Wednesday, November 09, 2016


The Beatles had just come off a solid year of psychedelic innovation, but the death of Brian Epstein and the Magical Mystery Tour disaster began to create tension between the members.  By 1968 they were ready to change course, and work began on their next album in May of 1968.  They had returned from a disillusioning trip to India with a wealth of songs, and they set about creating their first double album.  While it was self titled, the album has eventually gone on to be known as The White Album.

Despite the tense circumstances under which it was recorded, The White Album is considered a masterpiece.  The songs are diverse and avoid the psychedelia that their 1967 releases featured. The album is also stocked with clues that once again attempt to tell fans that Paul McCartney had died two years earlier in a horrible car accident.

First, let's look at the packaging.  The White Album was meant to be presented as if it was a work of art.  The sleeve was even numbered as if it was a limited edition release.  It also included individual photos of the band, as well as a poster with a collage of band photos.

Paul's photo is of note because his upper lip has a scar on it.  Is this scar from the plastic surgery required to complete William Campbell's transformation into Paul McCartney?

On the poster there are several other photos that fans claim prove Paul died in 1966.  One is of him in a tub with only his head and arms appearing above water.  Many think this is symbolic of his being decapitated during the car accident, since only his head is above the surface.

At the bottom left of the poster we see a photo of Paul in a disguise that he allegedly used to avoid being noticed during travel.  Some people believe this is an actual photo of William Campbell before he took on the role of Paul McCartney.

The weirdest photo on the poster, however, depicts Paul being pursued by hands that look weirdly skeletal.  Could it be a printing glitch, or is it an indicator of something much darker?

Weird, huh?  Well, buckle up, because we haven't even gotten into the audio evidence!  Remember how John sang I Am The Walrus, but the song title on the jacket was followed by the words "No you're not!"?  In the song Glass Onion John sings "Here's another clue for you all/The Walrus was Paul", linking McCartney to the Walrus, an alleged symbol of death.  They actually say it was a clue a full year before the conspiracy was first written up in that Drake University newspaper article!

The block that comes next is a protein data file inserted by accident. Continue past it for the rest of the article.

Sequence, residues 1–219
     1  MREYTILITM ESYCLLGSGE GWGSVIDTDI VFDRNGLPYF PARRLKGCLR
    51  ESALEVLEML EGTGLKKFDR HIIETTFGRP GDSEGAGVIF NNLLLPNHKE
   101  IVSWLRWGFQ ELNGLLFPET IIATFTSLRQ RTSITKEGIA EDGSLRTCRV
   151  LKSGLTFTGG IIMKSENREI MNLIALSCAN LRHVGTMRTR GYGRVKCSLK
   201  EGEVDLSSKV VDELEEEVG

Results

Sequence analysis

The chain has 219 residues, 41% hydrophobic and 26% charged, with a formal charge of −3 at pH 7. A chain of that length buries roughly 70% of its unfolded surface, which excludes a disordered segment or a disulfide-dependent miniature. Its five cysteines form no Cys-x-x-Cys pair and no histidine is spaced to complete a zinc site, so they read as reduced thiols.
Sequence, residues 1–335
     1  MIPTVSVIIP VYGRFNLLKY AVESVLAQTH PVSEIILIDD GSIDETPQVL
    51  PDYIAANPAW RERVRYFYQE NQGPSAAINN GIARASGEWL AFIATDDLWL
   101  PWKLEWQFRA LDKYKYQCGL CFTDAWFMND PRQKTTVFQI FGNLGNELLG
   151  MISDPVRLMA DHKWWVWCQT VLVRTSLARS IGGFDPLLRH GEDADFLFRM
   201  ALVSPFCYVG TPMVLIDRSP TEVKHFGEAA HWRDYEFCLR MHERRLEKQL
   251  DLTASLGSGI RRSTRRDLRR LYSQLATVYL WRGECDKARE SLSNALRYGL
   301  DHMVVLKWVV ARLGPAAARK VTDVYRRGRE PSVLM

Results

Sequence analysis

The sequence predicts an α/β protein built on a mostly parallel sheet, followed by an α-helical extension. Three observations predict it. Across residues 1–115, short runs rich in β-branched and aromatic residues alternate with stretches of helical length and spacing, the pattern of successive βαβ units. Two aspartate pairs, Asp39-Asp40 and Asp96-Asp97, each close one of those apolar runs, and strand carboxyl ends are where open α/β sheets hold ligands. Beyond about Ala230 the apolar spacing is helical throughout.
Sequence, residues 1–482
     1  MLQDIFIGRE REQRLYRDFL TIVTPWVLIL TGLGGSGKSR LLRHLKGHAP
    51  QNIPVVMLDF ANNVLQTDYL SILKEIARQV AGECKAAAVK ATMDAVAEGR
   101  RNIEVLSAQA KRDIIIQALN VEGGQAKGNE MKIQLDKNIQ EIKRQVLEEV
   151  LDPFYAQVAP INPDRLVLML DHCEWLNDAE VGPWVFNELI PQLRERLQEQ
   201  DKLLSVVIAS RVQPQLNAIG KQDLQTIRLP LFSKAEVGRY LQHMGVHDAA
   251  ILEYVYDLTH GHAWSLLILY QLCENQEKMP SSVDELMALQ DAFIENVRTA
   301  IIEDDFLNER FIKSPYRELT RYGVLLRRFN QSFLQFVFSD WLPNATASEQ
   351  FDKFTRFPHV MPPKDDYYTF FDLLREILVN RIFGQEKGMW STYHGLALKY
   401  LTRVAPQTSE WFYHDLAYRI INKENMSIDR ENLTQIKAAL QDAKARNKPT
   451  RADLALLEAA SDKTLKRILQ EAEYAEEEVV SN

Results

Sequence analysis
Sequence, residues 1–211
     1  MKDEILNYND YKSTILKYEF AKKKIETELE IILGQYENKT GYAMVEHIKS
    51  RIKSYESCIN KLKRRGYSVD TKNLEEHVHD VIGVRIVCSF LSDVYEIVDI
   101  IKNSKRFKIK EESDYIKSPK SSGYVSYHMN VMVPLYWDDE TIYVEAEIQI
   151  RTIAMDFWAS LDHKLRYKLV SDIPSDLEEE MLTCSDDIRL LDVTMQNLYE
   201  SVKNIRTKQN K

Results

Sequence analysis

In the song Don't Pass Me By Ringo sings about waiting for someone that never arrives, and how he hates to see them go.  Towards the end of the song he sings "You were in a car crash and you lost your hair", which some interpret as a reference to Paul being decapitated.

While that clue was presented forwards, there are others that take some work to discover.  These clues you can only hear if you play the records in reverse.  Take the song I'm So Tired.  John is singing about how he'll give you everything he's got for a little piece of mind, and some people think this is him confessing that he feels guilty over covering up Paul's death.  The song is immediately followed by what sounds like gibberish, but if you play it backwards you hear the words "Paul is a dead man, miss him, miss him, miss him"!

The second to last track on the double album is Revolution 9, an avant garde sound collage that John worked on.  Some believe that the 9 in the title refers to November 9th, the date that Paul McCartney died.  At the beginning of the song we hear the words "Number Nine" repeated over and over.  If you play these backwards you hear the words "Turn me on, Dead Man".

Pretty creepy, huh?  Well, The Beatles were about to put out a nice cartoon movie based on Yellow Submarine.  Surely that must be innocent, right?

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